The fact is that Mérida
impresses and overwhelms
at the same time; its superb buildings of Hispanic features, its
splendid palaces and exquisite colonial haciendas, and those surged
during the boom of a vegetal fibre called henequen, awaken the admiration
of both locals and strangers, but are also the cold evidence of
a history full of injustices and the ostracism of the indigenous
Contradictions on the surging of Mérida
and build, tear down the sanctuaries and palaces of the Mayan City
of T'ho, an architectonic boast that impressed Hispanic founder
Francisco de Montejo, "The Young", for the purpose of using those
same stones in building those colonial big houses and churches,
that fill with pride the capital of the current State of Yucatan,
created on January the 6th of 1542.
Ironically, it was the resemblance of the Mayan precincts with the
Roman ruins existing in the City of Mérida
Spain, that inspired the conquistadors when the time to name the
first Iberian settlement on the Yucatan Peninsula came; nevertheless,
the evocation and remembrance of their distant homeland, did not
diminish the destructive desires of the newly arrived.
Magnificent monuments from the colonial period have survived, such as the Cathedral of San Idelfonso, from the late XVI century, and its neatly achieved early Spanish renaissance style; or the House of Montejo, a notable sample of civil architecture of the mid XVI century, where the conquistador and city's founder used to live.
Other emblematic jewels of Mérida's
are located on Montejo Drive, amongst which the Canton Palace stands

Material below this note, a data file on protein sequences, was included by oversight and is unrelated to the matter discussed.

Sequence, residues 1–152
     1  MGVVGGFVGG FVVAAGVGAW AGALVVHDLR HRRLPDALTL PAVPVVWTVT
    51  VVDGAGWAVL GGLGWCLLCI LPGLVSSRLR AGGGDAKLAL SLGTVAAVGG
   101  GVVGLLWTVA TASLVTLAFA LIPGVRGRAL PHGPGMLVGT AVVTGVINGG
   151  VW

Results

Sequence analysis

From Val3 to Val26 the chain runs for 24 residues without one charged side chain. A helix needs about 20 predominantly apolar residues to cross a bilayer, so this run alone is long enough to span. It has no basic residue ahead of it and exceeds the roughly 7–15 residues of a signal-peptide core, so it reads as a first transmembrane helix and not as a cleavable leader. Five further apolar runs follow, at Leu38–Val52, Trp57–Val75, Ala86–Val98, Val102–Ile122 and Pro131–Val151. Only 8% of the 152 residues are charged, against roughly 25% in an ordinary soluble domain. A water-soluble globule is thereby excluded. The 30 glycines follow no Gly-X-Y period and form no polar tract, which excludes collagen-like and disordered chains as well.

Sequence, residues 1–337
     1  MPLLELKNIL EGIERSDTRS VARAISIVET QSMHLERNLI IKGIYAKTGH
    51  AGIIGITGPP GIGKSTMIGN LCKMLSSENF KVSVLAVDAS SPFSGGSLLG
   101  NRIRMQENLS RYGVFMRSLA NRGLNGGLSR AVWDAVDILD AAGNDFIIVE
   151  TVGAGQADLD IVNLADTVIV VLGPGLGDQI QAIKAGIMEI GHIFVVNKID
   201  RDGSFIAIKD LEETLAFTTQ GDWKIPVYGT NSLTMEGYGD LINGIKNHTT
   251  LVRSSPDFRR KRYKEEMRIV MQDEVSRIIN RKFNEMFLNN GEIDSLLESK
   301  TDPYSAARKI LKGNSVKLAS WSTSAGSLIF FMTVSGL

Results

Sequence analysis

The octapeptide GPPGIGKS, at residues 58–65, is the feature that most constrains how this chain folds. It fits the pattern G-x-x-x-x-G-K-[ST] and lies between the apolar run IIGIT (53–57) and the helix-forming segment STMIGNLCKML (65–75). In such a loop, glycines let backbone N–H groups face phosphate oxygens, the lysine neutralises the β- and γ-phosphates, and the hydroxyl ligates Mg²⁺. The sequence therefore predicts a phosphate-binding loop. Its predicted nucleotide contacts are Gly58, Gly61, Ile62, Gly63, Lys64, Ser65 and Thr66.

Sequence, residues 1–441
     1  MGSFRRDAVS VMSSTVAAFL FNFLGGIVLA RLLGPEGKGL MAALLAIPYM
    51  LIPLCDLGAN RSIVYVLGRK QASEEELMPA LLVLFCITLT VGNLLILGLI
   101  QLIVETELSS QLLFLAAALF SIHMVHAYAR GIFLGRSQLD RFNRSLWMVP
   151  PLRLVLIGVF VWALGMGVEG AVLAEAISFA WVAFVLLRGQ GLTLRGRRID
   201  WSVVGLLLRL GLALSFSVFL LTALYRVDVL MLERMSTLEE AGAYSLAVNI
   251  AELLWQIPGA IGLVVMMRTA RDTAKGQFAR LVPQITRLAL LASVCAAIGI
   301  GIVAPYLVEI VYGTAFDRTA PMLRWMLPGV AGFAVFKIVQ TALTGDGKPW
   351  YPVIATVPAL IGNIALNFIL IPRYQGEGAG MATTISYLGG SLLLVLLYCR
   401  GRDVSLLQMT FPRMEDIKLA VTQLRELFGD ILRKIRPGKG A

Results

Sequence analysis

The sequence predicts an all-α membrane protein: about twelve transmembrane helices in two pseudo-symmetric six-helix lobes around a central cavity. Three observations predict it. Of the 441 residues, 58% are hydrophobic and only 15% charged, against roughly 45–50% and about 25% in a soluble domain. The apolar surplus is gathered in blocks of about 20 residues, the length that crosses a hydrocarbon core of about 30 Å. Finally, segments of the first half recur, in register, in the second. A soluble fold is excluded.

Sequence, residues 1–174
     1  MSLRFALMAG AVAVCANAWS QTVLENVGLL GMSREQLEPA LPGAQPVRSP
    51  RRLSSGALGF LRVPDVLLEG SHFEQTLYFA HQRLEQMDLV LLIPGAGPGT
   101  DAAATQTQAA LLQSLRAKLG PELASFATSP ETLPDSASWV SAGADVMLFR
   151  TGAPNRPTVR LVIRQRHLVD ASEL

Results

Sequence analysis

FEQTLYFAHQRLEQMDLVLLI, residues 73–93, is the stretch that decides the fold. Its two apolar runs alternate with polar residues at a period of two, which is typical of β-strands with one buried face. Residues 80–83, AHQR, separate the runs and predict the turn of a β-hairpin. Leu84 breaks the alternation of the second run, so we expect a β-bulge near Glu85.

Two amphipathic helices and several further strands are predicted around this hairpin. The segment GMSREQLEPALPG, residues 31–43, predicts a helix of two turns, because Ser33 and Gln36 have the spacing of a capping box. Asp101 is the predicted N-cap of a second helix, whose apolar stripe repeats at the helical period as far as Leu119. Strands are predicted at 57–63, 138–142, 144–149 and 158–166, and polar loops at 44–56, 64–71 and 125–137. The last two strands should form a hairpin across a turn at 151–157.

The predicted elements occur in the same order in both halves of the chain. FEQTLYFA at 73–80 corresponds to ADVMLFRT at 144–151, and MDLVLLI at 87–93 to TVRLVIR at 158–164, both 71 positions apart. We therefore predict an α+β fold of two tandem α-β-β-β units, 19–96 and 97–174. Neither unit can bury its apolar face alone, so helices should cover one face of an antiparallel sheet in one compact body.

out, a majestic residence of mannerist and baroque characteristics
that was the property of General Francisco Canton, one of the entrepreneurs
enriched thanks to the henequen, the vegetal fibre that was an economic
and commercial boom by the late XIX and early XX centuries.
The wealth generated by the so-called "green gold of Yucatan", only benefited a few, usually greedy landlords who spent their money at full hand in order to satisfy their desires and lavish way of life, whilst at the same time were mean before the Mayan farmhand, who were forced to leave their skins at the plantations with no economic benefits whatsoever.
is not only a destination of colonial
characteristics; there are also pre Hispanic traces in its urban
space, such as the Mayan sculptures of the ancient T'ho, also known
as Ichcaanziho (Five Hills); and the pyramids and temples of Chichén
Itzá, the incomparable pre Hispanic city of religious character
that is located just 120 kilometres away from the city.
The Pyramid of Kukulkán or The Castle, considered as one of the wonders of Mayan architecture for its magnificent proportions, related to the measuring of time, stand out within this archaeological compound. The beautiful Temple of the Warriors with its formidable stone sculptures also stands out in this site.
The Mayas, a civilisation that extended across the current territories of Mexico and Guatemala, also left the Citadel of Uxmal to humanity, with temples and palaces of splendid designs; besides the most valuable compound of Dzibilchaltún, with its more than 8 thousand stone constructions. It is located at only 22 kilometres from the capital of Yucatan.
A visit to Mérida
, a city located at 510 kilometres
from the City of Mexico, must include a tour along the beaches of
Progreso, a tourist magnet of sand and sea; and the Port of Celestún,
a paradise for those loving wildlife, with mangroves, isles and
lagoons that host a great variety of flora and fauna.
As the capital of Yucatan, the city has a well developed tourist
infrastructure with hotels and restaurants, some of which work in
the elegant palaces that made of Mérida
of the New World".
To know in order to not forget; to visit pyramids and temples, churches
and big old houses, all of them impacting, all beautiful; then travellers
sense that an inerasable memory begins to fix in their heads: the
memory of Mérida
and its thrilling history, of
and its palaces, of Mérida
and its Mayan imprint and its colonial inheritance; Mérida
and its crossbred countenance, the face of present Mexico.